Why Are Electric Outboards So Expensive?

The main reason for their price is the technology needed to research and produce them. Making gas-powered outboards are easier and cheaper to create, whereas electric outboards require more and still somewhat underdeveloped technology and, as such, have a higher price tag.

The Verdict on Electric Outboards

Electric outboards are better than gas-powered outboards in many ways, but they also have their downsides. Perhaps the main downside is their cost, as they’re more expensive upfront than gas outboards. Besides, they can’t be instantly refueled and have a smaller range than gas outboards.

They are cleaner than their gas-powered counterparts and are easier to maintain over the long-term. They also may be the only option for your particular waterway, making them an attractive choice.


Electric outboards are a good choice and have plenty of advantages over other outboards. They’re cleaner impact the environment less, are quieter and require less maintenance. However, they’re pricier upfront, need batteries to be recharged between uses, and have limited range. Moreover, in some situations, they’re the only option for a particular waterway. 

Here are Some of My Favorite Catamaran Cruising Resources

Thank you for reading this article. I hope you found it helpful as you hopefully start your own sailing adventures. Here are some resources that I use as a sailor that I hope you’ll also find helpful. These are affiliate links, so if you do decide to use any of them, I’ll earn a commission. But in all honesty, these are the exact things that I use and recommend to everyone, even my own family.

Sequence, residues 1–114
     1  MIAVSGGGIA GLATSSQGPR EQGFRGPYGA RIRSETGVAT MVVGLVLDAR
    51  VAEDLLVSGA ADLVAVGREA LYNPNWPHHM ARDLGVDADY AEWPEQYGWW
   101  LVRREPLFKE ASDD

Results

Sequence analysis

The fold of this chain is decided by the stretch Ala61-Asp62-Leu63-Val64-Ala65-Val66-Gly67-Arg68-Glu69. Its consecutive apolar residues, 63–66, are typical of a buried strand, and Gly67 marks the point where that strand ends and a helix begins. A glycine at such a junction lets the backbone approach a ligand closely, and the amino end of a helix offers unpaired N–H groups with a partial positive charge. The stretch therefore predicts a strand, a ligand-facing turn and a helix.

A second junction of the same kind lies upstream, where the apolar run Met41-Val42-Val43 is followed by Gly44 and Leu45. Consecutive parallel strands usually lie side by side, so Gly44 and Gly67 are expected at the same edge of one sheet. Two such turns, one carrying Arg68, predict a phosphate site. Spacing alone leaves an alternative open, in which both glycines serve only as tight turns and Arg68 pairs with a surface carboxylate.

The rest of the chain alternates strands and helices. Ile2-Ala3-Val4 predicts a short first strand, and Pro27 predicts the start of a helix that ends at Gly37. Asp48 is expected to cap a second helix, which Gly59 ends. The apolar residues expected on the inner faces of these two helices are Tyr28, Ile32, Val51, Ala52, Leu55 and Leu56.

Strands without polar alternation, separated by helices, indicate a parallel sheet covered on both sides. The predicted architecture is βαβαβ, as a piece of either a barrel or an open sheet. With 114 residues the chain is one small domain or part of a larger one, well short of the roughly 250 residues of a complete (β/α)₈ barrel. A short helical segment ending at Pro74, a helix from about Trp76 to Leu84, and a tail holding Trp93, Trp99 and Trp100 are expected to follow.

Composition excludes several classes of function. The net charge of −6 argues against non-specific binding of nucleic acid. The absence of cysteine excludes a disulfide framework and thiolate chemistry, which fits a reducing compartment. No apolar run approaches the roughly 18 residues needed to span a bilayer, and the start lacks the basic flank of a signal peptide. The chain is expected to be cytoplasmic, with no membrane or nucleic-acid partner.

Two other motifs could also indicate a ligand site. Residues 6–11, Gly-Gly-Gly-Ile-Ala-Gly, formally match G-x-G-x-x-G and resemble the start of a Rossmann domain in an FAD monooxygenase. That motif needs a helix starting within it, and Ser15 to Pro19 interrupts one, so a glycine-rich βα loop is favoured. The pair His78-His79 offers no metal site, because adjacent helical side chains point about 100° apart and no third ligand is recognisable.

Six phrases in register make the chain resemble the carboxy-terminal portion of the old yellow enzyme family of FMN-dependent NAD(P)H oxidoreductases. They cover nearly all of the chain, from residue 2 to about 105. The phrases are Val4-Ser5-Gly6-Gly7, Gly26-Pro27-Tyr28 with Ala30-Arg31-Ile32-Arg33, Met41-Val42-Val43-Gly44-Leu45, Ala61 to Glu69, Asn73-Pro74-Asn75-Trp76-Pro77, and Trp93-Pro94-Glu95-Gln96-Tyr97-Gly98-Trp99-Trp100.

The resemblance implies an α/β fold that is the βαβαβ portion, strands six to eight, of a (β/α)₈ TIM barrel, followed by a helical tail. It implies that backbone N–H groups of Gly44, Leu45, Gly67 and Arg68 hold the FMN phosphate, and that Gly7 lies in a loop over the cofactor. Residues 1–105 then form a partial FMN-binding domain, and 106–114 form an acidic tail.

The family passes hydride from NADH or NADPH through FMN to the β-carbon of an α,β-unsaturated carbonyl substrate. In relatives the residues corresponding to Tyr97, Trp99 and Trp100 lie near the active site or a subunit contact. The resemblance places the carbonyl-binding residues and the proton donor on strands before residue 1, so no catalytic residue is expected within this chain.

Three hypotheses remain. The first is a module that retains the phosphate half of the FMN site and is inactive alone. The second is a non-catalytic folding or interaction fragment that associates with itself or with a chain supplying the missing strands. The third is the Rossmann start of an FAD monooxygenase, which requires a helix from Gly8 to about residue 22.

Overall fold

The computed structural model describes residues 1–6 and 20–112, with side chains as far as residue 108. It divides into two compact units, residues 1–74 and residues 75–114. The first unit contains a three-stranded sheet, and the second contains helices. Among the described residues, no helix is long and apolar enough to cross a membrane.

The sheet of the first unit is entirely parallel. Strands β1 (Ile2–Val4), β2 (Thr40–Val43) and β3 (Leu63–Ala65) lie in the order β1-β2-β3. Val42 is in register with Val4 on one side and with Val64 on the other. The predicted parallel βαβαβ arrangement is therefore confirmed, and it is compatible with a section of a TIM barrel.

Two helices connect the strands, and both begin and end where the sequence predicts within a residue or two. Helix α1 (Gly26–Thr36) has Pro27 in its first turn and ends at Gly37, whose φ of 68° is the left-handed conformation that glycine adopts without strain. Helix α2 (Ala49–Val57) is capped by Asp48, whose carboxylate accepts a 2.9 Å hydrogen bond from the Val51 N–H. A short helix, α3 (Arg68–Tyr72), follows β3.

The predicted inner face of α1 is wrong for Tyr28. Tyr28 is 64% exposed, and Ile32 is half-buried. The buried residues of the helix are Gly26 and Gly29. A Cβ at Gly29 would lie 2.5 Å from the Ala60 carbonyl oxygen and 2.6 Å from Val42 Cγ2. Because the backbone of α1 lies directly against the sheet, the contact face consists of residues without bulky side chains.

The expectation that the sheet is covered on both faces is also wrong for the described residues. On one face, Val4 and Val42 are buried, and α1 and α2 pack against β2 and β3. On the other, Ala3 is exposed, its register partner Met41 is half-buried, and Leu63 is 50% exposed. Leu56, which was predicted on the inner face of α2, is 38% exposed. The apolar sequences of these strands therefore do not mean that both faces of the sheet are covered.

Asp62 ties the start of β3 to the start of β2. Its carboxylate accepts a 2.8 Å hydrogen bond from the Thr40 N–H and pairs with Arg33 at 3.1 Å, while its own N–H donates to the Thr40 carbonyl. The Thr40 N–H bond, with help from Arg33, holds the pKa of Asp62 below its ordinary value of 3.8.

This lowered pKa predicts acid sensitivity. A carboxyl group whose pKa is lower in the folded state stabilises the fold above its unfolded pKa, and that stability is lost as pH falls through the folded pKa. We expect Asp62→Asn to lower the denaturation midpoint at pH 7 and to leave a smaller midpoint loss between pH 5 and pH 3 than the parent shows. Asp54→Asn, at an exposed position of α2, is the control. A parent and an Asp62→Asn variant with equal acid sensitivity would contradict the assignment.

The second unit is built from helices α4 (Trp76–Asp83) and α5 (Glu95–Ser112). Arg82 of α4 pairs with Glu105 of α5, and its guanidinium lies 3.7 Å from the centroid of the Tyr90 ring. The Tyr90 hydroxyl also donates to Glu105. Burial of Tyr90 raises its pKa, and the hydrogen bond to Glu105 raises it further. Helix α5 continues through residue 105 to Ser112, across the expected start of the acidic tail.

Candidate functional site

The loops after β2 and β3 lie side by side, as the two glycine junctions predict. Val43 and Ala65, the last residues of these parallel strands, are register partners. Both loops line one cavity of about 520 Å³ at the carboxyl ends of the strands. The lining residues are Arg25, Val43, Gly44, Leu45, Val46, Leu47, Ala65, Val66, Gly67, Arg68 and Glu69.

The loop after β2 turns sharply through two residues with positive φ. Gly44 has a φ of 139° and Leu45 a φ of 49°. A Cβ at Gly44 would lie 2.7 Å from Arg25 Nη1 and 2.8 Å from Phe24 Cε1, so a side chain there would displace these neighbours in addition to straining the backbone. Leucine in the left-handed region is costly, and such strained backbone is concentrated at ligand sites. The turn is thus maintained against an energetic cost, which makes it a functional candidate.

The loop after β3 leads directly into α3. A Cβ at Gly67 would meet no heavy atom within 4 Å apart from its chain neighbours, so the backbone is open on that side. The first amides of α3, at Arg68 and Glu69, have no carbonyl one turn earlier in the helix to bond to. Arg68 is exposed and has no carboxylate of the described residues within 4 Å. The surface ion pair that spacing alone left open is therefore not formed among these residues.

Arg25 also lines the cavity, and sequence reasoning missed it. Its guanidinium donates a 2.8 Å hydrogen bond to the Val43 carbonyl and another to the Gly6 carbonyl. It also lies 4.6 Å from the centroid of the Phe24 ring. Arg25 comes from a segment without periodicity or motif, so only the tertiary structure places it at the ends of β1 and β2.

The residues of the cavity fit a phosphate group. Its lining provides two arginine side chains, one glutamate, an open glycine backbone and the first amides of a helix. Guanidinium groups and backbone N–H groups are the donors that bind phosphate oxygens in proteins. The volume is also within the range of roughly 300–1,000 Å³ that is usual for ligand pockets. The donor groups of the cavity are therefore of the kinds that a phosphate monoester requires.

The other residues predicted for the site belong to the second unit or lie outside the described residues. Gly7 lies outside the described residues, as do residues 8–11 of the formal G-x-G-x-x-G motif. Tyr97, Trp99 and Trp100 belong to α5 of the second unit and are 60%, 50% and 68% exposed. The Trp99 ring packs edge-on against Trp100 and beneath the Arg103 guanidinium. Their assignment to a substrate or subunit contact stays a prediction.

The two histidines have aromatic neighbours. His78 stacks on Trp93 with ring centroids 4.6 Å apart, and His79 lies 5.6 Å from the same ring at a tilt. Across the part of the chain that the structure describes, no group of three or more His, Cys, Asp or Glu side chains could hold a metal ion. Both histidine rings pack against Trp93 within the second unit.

Books: For getting started, I really like Cruising catamarans made easy. It is actually a textbook from the American sailing association it is used to get a cruising catamaran certification. there are some other great books and you can find my complete list here.

Communication: Being out on adventures, whether it be sailing or climbing mountains, good communications are essential to being safe. I recommend two things Google fi (incredibly simple cellular data all over the world) and Garmin inreach mini (for text and voice in remote areas without cell coverage)

Sailing courses: Online sailing courses are great for beginners starting out their sailing career, it’s an efficient way of learning the basics about navigation, throttle controls, and maritime safety. I suggest starting with two free courses from NauticEd.

To see all my most up-to-date recommendations, check out this resource that I made for you!


Owner of CatamaranFreedom.com. A minimalist that has lived in a caravan in Sweden, 35ft Monohull in the Bahamas, and right now in his self-built Van. He just started the next adventure, to circumnavigate the world on a Catamaran!